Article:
The Paterson administration declined to comment. But based on its preliminary application, officials seem to be hoping that the major aesthetic and symbolic improvements would, when coupled with efficiencies that come from a new platform and better circulation, be justification enough for the federal government. (The project, the state estimates in the application, would boost ridership by 5 percent.)
Never a project short on support from the civics, the new, more incremental approach has already won plaudits from those familiar with it, and many have signed a letter supporting the stimulus application.
“This comes back to the vision that Senator Moynihan had in the first place,” said Peg Breen, president of the New York Landmarks Conservancy. “It’s important that the public understand that this isn’t dead—that there is still a chance to do this, and that this is really crucial,” she added. “It’s going to improve everyone’s experience coming into and out of the city.”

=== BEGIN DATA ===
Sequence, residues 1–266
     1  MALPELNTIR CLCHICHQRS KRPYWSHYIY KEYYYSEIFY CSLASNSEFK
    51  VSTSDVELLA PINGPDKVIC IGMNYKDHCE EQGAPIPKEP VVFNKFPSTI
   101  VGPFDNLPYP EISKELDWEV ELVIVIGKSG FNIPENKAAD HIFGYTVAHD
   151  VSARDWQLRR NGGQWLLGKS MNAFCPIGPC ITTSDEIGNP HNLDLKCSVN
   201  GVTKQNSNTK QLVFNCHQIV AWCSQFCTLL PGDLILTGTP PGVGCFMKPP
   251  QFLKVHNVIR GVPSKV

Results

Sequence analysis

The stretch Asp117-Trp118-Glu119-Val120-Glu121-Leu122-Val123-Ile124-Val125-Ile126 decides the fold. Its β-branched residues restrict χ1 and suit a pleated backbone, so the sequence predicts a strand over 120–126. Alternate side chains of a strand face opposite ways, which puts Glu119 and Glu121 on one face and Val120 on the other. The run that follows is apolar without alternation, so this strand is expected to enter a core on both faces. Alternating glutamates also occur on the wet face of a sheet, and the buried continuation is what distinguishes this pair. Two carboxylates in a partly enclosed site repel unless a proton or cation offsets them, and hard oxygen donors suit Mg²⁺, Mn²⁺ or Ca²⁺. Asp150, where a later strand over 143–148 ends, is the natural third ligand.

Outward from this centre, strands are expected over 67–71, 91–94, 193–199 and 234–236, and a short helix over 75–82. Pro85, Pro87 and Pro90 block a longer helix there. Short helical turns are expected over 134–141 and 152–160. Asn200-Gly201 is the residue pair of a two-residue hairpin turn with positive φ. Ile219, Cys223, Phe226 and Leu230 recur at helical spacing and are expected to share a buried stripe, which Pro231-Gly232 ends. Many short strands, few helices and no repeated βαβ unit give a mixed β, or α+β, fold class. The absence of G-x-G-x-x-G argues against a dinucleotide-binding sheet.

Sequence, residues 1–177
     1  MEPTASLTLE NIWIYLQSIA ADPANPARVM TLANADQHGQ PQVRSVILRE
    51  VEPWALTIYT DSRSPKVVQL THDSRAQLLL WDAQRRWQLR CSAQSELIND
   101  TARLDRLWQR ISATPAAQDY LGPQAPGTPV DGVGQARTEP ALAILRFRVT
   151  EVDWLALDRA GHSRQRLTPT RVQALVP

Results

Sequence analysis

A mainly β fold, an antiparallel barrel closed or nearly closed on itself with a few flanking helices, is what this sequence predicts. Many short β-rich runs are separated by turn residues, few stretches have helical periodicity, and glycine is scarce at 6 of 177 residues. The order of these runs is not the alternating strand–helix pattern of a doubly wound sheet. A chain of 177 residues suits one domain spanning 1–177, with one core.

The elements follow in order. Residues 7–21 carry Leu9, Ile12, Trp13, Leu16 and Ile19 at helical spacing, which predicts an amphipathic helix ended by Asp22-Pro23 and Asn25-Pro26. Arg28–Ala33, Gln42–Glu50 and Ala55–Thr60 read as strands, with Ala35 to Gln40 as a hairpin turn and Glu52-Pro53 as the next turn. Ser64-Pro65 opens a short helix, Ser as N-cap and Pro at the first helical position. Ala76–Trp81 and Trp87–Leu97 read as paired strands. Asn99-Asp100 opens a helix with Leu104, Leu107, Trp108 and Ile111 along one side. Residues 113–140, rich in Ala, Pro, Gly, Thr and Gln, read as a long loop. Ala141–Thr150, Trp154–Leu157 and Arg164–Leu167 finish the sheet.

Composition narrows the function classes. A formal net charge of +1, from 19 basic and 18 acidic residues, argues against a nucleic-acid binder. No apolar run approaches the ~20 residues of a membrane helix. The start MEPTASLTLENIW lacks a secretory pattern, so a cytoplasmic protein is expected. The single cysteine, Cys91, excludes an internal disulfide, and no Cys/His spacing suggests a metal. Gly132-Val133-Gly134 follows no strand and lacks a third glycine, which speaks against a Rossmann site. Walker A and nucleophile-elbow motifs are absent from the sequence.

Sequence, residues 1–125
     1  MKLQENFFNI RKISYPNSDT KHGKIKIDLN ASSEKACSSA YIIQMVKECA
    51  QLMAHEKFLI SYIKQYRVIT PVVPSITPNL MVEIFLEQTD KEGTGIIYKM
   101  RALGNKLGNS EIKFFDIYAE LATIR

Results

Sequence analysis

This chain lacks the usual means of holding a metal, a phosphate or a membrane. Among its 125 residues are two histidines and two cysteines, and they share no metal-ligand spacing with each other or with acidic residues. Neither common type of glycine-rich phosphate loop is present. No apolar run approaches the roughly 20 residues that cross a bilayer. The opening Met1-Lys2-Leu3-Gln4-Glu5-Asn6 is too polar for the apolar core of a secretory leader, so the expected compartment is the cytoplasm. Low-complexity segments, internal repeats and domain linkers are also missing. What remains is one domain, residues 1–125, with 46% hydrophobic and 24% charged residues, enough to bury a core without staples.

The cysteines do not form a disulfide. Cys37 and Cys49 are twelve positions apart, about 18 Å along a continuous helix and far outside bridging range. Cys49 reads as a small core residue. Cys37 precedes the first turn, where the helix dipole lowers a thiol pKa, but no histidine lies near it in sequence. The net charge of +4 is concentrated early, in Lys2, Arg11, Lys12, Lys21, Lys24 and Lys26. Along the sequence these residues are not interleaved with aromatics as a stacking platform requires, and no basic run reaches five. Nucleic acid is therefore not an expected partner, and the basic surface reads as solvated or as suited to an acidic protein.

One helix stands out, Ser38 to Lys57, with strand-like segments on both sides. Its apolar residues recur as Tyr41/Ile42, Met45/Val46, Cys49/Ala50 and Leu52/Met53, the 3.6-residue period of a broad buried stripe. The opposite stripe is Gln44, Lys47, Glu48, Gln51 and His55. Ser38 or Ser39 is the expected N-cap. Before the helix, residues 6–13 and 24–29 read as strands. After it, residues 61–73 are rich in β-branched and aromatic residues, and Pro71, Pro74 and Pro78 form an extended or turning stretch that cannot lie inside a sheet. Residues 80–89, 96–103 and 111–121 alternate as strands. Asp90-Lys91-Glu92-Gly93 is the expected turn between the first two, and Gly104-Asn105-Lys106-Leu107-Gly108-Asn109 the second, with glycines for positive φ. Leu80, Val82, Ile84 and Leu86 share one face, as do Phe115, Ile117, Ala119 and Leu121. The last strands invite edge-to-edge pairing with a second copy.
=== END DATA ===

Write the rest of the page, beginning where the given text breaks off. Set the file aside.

But the ball, of course, is headed to the Obama administration’s court, where the city will soon find out just how its interests stack up.